With Halloween season fast approaching (in the United States at least), Netflix has begun releasing it’s horror line ups and properties to entice audiences. Among the various titles being released, many of which will be mentioned and discussed later on this site and which you should definitely check out, is Nightbooks, a film starring Winslow Fegley, Lidya Jewett, and Krysten Ritter based on the 2018 children’s horror novel of the same name written by J. A. White. In case, it wasn’t apparent at this point, SPOILERS to follow, so only continue if you are okay with that. We good? Good.
Nightbooks is simultaneously a modern retelling and continuation of the classic “Hansel and Gretel” fairytale, and it is a purposeful duality that actually pays off. There is a witch, a pair of downtrodden lost children, a magic house, and, eventually, a fiery showdown. However, Nightbooks deviates in its intention and message from the original. Whereas, “Hansel and Gretel” was a cautionary tale warning children of the dangers of strangers, wandering off from set paths, and the cruelty of adults and nature, Nightbooks, while having similar elements, focuses more on the power and necessity of story telling/construction, remaining true and resolute, and, as many modern children’s media, the strength found in friends and unity.
The story centers around Alex (played by Winslow Fegley), a young, self proclaimed “weirdo” who unironically loves horror to the confusion and chagrin of his peers and parents. (Though, seriously, why? Horror is freaking awesome). Alex’s love of scary stuff is seen in having a horror themed birthday bash and in his constant writing of scary stories which he collects in his aptly named “Nightbooks.” This fascination with the spooky ostracizes him from everyone at his school, eventually leading to the rejection of his singular friend and utter absence of presence at his aforementioned birthday party. His parents, oddly, offer no support for this and actually seem to agree with the “weirdo” assessment offered by Alex’s classmates. Perturbed and ashamed of his interests, personality, and difference, Alex gathers his “Nightbooks” with the intent to destroy all his stories and vows never to write another scary story, a vain attempt to try to change to better fit in with the expectation of his, so called, friends and family.
Once out of the apartment, Alex is enthralled to a neighboring apartment on the way to the apartment complex furnace by the smell and promise of his favorite treats. This was one of the smaller changes to the classic story as it’s not candy that lures in the children; instead, it is the favorite treat of each individual child that beckons them to the witch’s door. I particularly liked the story behind Yasmin’s favorite food as it added dimension to both the character and witch’s abilities. Alex awakens to find that he has been kidnapped by an evil witch named Natacha (played by Krysten Ritter). This sorceress informs Alex that she will kill him immediately unless he can provide some unique utility or talent. Fearing for his life, Alex yells out that he has a penchant for writing scary stories. Natacha is intrigued by this talent of the young boy and spares his life. She puts him to work next to her previous servant, Yasmin (played by Lidya Jewett), a young girl who, like Alex, had been lured by the magically mobile apartment and has been set to work for the witch to remain alive. As well, Natacha tells Alex that she expects him to produce a scary story every night to be told to her or suffer grave consequences. Again, a change to the original folklore (and a similarity in style and purpose to 1001 Arabian Nights) that serves a greater purpose in the conclusion of the story.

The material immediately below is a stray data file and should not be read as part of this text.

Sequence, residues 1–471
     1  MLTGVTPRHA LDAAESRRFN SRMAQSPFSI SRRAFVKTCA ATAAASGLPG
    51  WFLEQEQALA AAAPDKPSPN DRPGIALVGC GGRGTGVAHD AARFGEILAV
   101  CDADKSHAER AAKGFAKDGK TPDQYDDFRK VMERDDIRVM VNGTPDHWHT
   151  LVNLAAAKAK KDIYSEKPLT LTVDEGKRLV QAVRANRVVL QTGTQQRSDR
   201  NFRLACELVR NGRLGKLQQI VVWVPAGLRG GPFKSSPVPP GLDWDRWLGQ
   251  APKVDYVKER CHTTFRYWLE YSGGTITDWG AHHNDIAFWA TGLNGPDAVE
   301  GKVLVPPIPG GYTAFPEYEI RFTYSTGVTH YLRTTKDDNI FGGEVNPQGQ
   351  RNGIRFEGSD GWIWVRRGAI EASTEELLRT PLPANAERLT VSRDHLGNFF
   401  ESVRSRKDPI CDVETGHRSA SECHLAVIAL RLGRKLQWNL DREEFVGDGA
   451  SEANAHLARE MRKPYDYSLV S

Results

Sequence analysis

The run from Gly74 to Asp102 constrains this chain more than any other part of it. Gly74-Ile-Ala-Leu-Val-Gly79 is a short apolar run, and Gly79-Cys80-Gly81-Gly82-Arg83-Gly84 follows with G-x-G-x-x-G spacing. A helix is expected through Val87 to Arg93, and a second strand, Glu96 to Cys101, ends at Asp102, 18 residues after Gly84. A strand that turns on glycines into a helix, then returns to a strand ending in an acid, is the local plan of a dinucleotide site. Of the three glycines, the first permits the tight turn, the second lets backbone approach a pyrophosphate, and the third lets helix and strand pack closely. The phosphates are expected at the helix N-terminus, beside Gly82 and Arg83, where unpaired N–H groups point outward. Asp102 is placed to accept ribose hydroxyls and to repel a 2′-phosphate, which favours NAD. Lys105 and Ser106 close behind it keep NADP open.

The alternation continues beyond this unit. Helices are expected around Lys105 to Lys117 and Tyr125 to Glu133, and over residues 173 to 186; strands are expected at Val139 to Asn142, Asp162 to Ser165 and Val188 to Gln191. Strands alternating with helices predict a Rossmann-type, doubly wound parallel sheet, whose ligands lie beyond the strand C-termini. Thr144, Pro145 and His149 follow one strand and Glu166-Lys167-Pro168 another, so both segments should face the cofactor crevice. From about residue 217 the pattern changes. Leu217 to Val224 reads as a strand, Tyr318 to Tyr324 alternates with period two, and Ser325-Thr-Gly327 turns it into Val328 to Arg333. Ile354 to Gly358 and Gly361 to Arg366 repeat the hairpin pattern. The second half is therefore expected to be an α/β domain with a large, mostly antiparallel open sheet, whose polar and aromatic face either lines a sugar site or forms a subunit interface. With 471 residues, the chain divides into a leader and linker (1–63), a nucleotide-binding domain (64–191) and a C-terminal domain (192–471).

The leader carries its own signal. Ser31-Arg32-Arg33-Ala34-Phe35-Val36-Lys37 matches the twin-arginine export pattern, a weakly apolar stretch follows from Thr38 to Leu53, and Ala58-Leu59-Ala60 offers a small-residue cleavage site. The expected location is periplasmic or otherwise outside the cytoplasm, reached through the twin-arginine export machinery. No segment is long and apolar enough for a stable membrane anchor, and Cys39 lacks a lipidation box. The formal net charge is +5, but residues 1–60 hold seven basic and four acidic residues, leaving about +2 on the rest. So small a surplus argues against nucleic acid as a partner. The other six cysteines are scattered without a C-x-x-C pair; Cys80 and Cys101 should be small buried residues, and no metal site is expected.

From here, we get the expected narrative markers: Yasmin informing Alex of the full scope of their predicament adding layers of obstacles (in particular a fellow prisoner in the form of an intelligent and magical cat by the name Lenore), bonding between the pair as they struggle through their chores and survival, Alex coming to terms with his limitations and insecurities, the classic construction and execution of a game changing and life saving mission by the two heroes, and the eventual resolution and defeat of the evil witch.
Although Nightbooks does follow the expected fairy tale beats, the surprises and twists it offers make it more than simply the sum of its parts. Is there a witch death? Absolutely, just perhaps not the witch you expect. Do the kids grow and learn about themselves? Also yes, but maybe they learn more about what it means to grow up and the pitfalls that journey can have. Is the villain sympathetic? Surprisingly, kind of. Or at least one of them is to an extent. In short, Nightbooks manages to do just enough to separate itself from the source material it borrows from to create something familiar but wholly unique. Plus, as all current productions are wont to do, there is just enough of a tease to allow Netflix to produce more in this universe, and, frankly, I don’t hate the possibility. In fact, I could definitely see this becoming an annual mainstay of the streaming service with diverging casts, narratives, and possibilities. If you were at all a fan of Goosebumps, Lemony Snicket, or Scary Stories to Tell in the Dark, you’ll probably enjoy this film. So, grab some popcorn, plop your kids down, and put this on. It is the season for it after all.